core studies : repentance

Study to shew thyself approved unto God, a workman that needeth not to be ashamed, rightly dividing the word of truth. 2 Tim 2:15


The word repentance means to carefully clear one’s heart and soul from any action or intention that is not perfect in the sight of God (Acts 8:20-24). True repentance always includes some fear and zeal, which come from godly sorrow (2 Corinthians 7:11). We truly have godly sorrow when we see our sin the way God sees our sin and we are repelled by it as God is (We must see through the eyes of God, because he is the Judge. God will always judge righteously, without partiality) (2 Timothy 2:25-26, 2 Peter 3:9, 2 Kings 17:13-15).

Notice the humility and sincerity of King David (Psalms 34:18, Psalms 51:7-17) as he teaches us the value of a heart of repentance in regard to his salvation and the salvation of others (Isaiah 57:15, Isaiah 66:2, Luke 20:17-18, 1 Peter 3:4, Matthew 5:5-9). (God will always honor a broken heart and contrite spirit. He will always resist the proud).

Jonah was a man that God called to preach to an ungodly city. Instead, Jonah chose to run from God (Jonah 1:1-3) until God caused him to be swallowed by a large fish (Jonah 1:17). God instructed Jonah through harsh affliction and the conviction of his heart until Jonah turned from his sin (Jonah 2:1-2). When Jonah repented, he acknowledged God as his salvation (Jonah 2:3-10). Jonah acknowledged that God is true and that he was wrong. God was merciful to Jonah because Jonah repented. We must also never give up hope that repentance will come about—in ourselves and also in others. It is easy to lose hope in other people and in ourselves. It is God that continues to instruct the soul that is in error.

It is God alone who judges the sincerity of a person’s repentance. No other person can be the judge of that (Matthew 7:1-5, Romans 14:12-13). It is the very goodness of God that leads us to repentance (Romans 2:4). If a person has a heart of repentance, their actions will demonstrate it (2 Corinthians 7:8-10, Galatians 5:17-24, Ephesians 4:22-32, 2 Corinthians 5:17). There is a difference between having godly sorrow and being sorry that one’s sins were discovered. Godly sorrow leads to repentance, but a man that is just sorry that he got caught will likely commit that same sin again. We can be very sorry about something and yet do nothing about it (Matthew 3:5-8). The wages of sin is death unless we repent of that sin (Hebrews 12:16-17, Roman 6:23, 1 John 1:9). We must seek after God with repentance to have our sins covered in the blood of Christ (Psalms 32:2-5, 1 John 1:9). If a person does not confess his or her sins before God, the sins remain like stains of that person’s soul. All sins must be repented of and covered by the blood of Jesus Christ.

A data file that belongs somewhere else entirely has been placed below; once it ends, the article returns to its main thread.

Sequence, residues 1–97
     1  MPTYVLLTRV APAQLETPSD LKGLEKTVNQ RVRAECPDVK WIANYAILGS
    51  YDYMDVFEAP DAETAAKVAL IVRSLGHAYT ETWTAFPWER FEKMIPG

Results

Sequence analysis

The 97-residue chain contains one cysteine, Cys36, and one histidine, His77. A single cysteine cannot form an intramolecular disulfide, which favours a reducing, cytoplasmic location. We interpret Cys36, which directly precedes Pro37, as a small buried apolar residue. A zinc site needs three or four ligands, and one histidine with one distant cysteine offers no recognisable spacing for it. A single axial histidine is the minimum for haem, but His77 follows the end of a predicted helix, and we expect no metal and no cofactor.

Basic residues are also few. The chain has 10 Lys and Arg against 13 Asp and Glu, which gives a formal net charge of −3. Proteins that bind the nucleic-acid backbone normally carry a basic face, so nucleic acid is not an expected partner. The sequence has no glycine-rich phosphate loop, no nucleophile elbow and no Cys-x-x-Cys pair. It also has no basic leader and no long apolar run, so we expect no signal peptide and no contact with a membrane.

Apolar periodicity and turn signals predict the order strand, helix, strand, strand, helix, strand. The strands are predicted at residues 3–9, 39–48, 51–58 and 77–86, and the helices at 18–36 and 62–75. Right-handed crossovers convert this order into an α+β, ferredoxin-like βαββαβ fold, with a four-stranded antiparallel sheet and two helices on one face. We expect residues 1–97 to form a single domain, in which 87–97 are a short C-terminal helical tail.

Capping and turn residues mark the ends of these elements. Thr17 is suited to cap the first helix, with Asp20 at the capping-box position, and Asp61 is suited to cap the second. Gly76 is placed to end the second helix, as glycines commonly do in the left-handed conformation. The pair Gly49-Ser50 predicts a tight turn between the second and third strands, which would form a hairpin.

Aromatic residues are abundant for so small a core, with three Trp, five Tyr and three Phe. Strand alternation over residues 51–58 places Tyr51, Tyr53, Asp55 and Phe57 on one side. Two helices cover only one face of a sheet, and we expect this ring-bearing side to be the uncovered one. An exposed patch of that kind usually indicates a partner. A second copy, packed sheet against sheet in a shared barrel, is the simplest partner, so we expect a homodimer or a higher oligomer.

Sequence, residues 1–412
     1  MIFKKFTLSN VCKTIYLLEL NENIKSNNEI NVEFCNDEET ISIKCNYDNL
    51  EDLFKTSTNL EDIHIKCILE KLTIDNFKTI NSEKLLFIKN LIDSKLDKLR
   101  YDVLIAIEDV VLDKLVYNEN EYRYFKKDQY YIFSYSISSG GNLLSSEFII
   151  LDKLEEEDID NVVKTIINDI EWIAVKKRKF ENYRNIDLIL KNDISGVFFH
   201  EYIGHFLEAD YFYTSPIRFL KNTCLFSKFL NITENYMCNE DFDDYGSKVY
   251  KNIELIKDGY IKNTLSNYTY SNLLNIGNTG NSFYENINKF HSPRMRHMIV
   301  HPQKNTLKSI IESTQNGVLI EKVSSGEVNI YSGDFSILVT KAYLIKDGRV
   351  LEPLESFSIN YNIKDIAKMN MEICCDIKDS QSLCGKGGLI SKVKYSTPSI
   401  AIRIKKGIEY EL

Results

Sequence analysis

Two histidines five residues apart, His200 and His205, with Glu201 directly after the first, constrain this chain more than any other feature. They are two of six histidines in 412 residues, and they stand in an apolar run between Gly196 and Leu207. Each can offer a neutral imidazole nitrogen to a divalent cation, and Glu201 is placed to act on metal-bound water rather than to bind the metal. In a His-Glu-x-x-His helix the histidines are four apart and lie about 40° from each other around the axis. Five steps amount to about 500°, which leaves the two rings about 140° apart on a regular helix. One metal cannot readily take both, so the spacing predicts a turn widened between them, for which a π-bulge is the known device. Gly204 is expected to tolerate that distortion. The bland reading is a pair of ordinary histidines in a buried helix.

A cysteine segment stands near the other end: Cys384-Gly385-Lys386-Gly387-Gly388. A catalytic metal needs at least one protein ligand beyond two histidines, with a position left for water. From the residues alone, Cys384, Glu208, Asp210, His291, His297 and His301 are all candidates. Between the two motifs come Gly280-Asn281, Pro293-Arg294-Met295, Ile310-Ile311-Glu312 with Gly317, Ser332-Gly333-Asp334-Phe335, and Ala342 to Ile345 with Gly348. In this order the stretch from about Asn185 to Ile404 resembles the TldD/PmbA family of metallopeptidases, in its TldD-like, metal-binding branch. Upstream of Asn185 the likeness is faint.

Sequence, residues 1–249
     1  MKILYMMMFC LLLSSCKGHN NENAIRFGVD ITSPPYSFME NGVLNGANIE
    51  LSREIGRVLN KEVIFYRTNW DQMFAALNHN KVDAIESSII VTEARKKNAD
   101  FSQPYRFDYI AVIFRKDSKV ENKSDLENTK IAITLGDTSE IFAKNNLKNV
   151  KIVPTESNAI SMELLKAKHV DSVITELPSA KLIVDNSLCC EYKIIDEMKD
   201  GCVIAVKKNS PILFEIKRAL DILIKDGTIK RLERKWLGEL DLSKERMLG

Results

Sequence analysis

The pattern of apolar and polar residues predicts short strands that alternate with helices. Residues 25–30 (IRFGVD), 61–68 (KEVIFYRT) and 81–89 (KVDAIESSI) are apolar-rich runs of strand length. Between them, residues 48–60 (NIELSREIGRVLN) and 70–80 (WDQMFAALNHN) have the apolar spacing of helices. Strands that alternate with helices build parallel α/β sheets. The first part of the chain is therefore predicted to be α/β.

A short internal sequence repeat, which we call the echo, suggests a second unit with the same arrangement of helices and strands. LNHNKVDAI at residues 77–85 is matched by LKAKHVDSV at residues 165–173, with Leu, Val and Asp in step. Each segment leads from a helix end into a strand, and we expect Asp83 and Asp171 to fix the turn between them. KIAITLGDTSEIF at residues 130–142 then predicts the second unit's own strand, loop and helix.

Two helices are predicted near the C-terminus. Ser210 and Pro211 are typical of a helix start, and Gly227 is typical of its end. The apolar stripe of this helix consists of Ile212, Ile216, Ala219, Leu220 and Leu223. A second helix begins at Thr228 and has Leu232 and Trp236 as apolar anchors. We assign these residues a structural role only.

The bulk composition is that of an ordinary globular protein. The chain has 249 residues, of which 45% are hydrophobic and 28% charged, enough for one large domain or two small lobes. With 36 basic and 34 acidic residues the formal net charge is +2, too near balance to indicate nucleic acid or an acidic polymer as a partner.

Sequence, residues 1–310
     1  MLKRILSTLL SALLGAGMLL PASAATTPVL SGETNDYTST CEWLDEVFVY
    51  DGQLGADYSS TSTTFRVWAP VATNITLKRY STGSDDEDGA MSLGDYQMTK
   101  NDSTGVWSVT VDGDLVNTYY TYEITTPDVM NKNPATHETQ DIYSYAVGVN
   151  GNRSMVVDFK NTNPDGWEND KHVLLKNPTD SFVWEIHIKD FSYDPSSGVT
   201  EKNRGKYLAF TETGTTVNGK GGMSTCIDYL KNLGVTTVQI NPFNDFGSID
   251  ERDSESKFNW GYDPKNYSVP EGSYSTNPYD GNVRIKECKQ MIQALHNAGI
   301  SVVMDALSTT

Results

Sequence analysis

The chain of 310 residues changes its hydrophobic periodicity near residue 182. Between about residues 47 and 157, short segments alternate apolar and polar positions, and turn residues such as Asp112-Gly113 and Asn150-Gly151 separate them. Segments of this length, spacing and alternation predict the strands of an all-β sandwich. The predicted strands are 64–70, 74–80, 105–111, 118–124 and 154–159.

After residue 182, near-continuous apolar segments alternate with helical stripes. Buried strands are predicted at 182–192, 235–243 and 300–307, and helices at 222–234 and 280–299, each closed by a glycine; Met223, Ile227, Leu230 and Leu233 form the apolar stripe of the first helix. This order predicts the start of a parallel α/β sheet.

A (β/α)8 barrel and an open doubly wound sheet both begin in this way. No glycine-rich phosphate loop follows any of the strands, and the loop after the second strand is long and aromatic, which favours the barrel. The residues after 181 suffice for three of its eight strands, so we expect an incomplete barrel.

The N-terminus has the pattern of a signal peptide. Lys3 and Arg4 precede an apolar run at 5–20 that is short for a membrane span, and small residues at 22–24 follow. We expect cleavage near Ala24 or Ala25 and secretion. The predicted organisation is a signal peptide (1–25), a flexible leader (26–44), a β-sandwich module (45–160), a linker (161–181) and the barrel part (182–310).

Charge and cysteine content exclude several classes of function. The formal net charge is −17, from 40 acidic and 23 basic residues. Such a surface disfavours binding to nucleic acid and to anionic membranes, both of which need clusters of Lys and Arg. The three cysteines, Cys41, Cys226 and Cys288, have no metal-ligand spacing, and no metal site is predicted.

It is healthy and safe for us to keep our hearts always ready to be led by the spirit of conviction (Galatians 5:16). This requires reverent fear and great submission to the will of God in your life. We are never good enough to be saved (Psalms 39:5); this is why we must maintain a humble and repentant heart before God.

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